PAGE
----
In 1918, during the German Revolution, the ruling house of Wittelsbach, which had governed Bavaria since 1180, was forced to abdicate in Munich and a short-lived socialist republic was declared. In the 1920s, Munich became home to several political factions, among them the NSDAP; the first attempt of the Nazi movement to take over the German government in 1923 with the Beer Hall Putsch was stopped by the Bavarian police in Munich with gunfire. After the Nazis' rise to power, Munich was declared their "Capital of the Movement". During World War II, Munich was bombed and more than 50% of the entire city and up to 90% of the historic centre were destroyed. After the end of postwar American occupation in 1949, there was a great increase in population and economic power during the years of Wirtschaftswunder, or "economic miracle". Unlike many other German cities which were bombed, Munich restored most of its traditional cityscape and hosted the 1972 Summer Olympics; the 1980s brought strong economic growth, high-tech industries and scientific institutions, population growth.
The city is home to major corporations like BMW, Siemens, MAN, Linde and MunichRE. Munich is home to many universities and theatres, its numerous architectural attractions, sports events and its annual Oktoberfest attract considerable tourism. Munich is one of the fastest growing cities in Germany, it is a top-ranked destination for expatriate location. Munich hosts more than 530,000 people of foreign background; the first known settlement in the area was of Benedictine monks on the Salt road. The foundation date is not considered the year 1158, the date the city was first mentioned in a document; the document was signed in Augsburg. By the Guelph Henry the Lion, Duke of Saxony and Bavaria, had built a toll bridge over the river Isar next to the monk settlement and on the salt route, but as part of the archaeological excavations at Marienhof in advance of the expansion of the S-Bahn from 2012 shards of vessels from the eleventh century were found, which prove again that the settlement Munich must be older than their first documentary mention from 1158.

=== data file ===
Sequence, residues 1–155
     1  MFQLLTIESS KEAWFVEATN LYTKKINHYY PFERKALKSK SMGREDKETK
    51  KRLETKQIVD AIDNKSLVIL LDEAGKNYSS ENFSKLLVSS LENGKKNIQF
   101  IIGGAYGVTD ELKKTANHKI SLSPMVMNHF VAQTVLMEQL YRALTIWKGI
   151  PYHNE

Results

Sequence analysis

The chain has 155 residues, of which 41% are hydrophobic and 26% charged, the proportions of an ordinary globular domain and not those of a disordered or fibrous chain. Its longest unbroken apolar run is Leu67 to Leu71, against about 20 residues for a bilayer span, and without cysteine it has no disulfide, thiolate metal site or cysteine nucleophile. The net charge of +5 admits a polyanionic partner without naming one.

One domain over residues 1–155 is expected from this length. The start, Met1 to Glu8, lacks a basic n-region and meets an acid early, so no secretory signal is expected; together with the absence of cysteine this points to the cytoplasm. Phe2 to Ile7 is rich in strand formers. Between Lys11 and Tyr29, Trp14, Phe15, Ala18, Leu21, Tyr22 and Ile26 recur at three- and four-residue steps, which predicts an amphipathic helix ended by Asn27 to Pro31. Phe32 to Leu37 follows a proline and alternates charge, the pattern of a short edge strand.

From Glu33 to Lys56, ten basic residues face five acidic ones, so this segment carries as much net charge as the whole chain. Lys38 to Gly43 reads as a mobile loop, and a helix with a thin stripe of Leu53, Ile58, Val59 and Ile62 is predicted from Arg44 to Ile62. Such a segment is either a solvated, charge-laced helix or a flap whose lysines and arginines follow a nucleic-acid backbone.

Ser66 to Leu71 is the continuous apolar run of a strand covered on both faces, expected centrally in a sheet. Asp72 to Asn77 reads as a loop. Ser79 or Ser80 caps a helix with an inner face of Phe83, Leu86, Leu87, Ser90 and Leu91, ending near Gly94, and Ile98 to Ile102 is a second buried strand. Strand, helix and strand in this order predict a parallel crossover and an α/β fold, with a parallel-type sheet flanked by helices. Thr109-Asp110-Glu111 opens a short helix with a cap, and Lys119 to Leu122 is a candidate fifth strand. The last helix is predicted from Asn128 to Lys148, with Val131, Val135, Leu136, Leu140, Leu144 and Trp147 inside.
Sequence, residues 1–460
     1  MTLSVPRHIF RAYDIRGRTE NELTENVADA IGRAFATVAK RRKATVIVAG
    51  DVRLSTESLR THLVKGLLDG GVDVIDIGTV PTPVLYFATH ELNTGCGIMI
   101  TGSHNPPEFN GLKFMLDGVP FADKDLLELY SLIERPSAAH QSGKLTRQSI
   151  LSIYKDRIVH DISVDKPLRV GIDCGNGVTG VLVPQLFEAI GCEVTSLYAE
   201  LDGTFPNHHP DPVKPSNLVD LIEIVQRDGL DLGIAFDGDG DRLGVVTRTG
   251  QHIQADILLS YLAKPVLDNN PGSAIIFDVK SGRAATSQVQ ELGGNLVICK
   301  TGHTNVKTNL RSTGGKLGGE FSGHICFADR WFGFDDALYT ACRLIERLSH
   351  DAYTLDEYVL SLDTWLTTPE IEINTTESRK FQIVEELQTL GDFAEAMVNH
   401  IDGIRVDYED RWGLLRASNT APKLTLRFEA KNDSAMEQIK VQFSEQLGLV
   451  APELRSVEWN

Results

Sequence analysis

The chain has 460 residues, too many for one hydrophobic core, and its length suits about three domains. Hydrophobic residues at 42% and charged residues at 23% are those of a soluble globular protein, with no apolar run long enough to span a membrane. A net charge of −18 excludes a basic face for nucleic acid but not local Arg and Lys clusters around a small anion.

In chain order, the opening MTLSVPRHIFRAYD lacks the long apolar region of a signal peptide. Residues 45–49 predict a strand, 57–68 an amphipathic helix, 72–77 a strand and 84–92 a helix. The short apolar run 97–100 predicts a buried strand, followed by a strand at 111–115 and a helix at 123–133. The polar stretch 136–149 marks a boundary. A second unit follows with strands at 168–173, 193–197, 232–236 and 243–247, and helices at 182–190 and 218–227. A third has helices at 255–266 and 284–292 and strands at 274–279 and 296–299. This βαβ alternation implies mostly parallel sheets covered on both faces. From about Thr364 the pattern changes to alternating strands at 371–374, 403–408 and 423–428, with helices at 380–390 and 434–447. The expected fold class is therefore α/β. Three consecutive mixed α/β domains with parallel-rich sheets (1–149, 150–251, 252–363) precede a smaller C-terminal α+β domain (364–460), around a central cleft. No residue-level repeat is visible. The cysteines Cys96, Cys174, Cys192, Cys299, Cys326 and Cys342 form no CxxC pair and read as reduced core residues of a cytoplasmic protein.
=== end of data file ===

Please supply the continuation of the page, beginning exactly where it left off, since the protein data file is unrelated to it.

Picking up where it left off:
In 1175 Munich received city fortification. In 1180 with the trial of Henry the Lion, Otto I Wittelsbach became Duke of Bavaria, Munich was handed to the Bishop of Freising. In 1240, Munich was transferred to Otto II Wittelsbach and in 1255, when the Duchy of Bavaria was split in two, Munich became the ducal residence of Upper Bavaria. Duke Louis IV, a native of Munich, was elected German king in 1314 and crowned as Holy Roman Emperor in 1328, he strengthened the city's position by granting it the salt monopoly, thus assuring it of additional income. In the late 15th century, Munich underwent a revival of gothic arts: the Old Town Hall was enlarged, Munich's largest gothic church – the Frauenkirche – now a cathedral, was constructed in only 20 years, starting in 1468; when Bavaria was reunited in 1506, Munich became its capital. The arts and politics became influenced by the court. During the 16th century, Munich was a centre of the German counter reformation, of renaissance arts. Duke Wilhelm V commissioned the Jesuit Michaelskirche, which became a centre for the counter-reform